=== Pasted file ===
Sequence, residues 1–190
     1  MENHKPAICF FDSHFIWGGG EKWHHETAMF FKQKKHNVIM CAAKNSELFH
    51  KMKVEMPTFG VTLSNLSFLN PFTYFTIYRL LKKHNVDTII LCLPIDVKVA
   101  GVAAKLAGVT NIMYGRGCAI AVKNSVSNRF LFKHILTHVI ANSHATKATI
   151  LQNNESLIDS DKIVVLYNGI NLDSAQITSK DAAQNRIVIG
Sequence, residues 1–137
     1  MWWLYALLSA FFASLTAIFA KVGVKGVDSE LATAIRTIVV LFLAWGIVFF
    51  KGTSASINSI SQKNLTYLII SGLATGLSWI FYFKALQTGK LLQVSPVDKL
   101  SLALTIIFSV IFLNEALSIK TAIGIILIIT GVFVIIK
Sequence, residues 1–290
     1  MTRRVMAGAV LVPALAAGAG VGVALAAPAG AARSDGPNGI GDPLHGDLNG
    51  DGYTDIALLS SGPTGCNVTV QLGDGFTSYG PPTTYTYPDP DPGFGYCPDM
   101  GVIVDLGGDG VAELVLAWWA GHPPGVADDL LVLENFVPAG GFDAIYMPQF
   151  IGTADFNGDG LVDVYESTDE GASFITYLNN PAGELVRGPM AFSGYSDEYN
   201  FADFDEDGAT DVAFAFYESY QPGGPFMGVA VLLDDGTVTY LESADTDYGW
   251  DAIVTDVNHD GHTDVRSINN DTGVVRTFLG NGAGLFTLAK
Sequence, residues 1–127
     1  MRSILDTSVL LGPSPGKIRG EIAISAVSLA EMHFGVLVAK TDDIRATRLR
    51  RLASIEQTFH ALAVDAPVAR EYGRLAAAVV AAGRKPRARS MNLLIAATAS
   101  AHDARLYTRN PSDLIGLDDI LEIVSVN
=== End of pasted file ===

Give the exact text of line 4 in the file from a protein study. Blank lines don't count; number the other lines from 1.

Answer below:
   101  GVAAKLAGVT NIMYGRGCAI AVKNSVSNRF LFKHILTHVI ANSHATKATI